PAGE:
Cognitive Behavioral Therapy

In twenty years of pastoral ministry, it is rare that I come across someone who has benefited from counseling/therapy. Which is odd considering how many people have tried it. This might be anecdotal to me, but when I ask the struggler who has approached me to describe their previous counseling experience, I usually get something like “At first it felt really good to talk to someone, but then it just sort of fizzled out and nothing ever changed.” This leads me to believe that the majority of secular counselors could be replaced by a good and wise friend. Good Will Hunting moments are unicorns.

a person drowns underwater

So when I encounter someone who has benefited from counseling, I tend to notice. In The Coddling of the American Mind, which is essentially a critique of the fragility incarnated in higher education, Greg Lukianoff, one of the authors, overcame (or perhaps learned to cope with) depression using Cognitive Behavior Therapy. The authors of this books are not Christians but are also clearly intelligent, thoughtful, and well intentioned. They go so far as to recommend simple forms of CBT be taught to children as a way of helping them become anti-fragile. I find it interesting to see CBT recommended heartily by two self described liberals who are concerned about the fragility of the up and coming generation, so I thought I would do some exploring. (For an introduction to CBT try The Beck Institute).

I am struck by 2 reasons CBT might be successful, and these are shared traits of the Biblical Counseling that I practice. First, CBT treats the client as an active agent in the change process. This may seem like a no-brainer, but the reality is that for many of the common causes for which therapy is sought, the client is treated like a victim of a disease. The term “mental illness” captures this approach. For example, the practical result for many seeking help for depression, anxiety, and bi-polar disorder is a prescription. The CDC reports that in the years 2015-2018, 13.2% of Americans age 18 and over had taken an anti-depressant in the last 30 days. Since the overwrought response to the pandemic, anti-anxiety prescription use has dramatically increased. This medical model of therapy, whether intentionally or not, minimizes the agency of the individual.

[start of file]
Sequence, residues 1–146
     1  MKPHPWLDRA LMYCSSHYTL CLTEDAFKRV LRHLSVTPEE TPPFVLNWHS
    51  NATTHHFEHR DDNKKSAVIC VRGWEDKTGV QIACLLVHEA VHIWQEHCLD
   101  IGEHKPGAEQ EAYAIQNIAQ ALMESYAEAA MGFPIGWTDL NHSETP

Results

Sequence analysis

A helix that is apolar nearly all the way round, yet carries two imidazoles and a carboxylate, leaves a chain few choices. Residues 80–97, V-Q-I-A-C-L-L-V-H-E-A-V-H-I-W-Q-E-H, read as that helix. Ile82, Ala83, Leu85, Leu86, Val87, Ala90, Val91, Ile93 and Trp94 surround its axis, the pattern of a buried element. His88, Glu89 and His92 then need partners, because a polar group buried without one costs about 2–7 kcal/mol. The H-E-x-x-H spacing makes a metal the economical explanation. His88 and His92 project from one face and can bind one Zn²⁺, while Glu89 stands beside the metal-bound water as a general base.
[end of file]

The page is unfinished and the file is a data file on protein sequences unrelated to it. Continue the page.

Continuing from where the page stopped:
But there are other reasons why counselors may refrain from challenging their clients in all but meaningless ways. In our increasingly Woke culture, a mental health worker at a university might expect a lawsuit or the loss of employment if they challenged the narrative of a client who belonged to an “oppressed” demographic. But it sounds to me like in CBT, a counselor can say “What are you thinking?” and “Does that actually reflect reality?” Like Biblical Counselors, those who practice CBT are willing to challenge their clients views, claims, perspectives, values, and conclusions.

Secondly, as implied in the name, CBT focuses on the thoughts. It’s reasonable to say that a lot of people seek counseling for conditions that are emotional in nature. How do we access the emotions? The short answer is that we have no idea. But we can address the thoughts. Scripture actually uses phrases like “the thoughts of the heart”, or “As a man thinketh in his heart, so is he.” Emotions are tied to our physical bodies, but they are also tied to our thoughts and behaviors. CBT enters the process of counseling through the thoughts as well, “Dr. Beck began helping patients identify and evaluate these automatic thoughts. He found that by doing so, patients were able to think more realistically. As a result, they felt better emotionally and were able to behave more functionally.” There is an echo of noutheteo in this statement, is there not?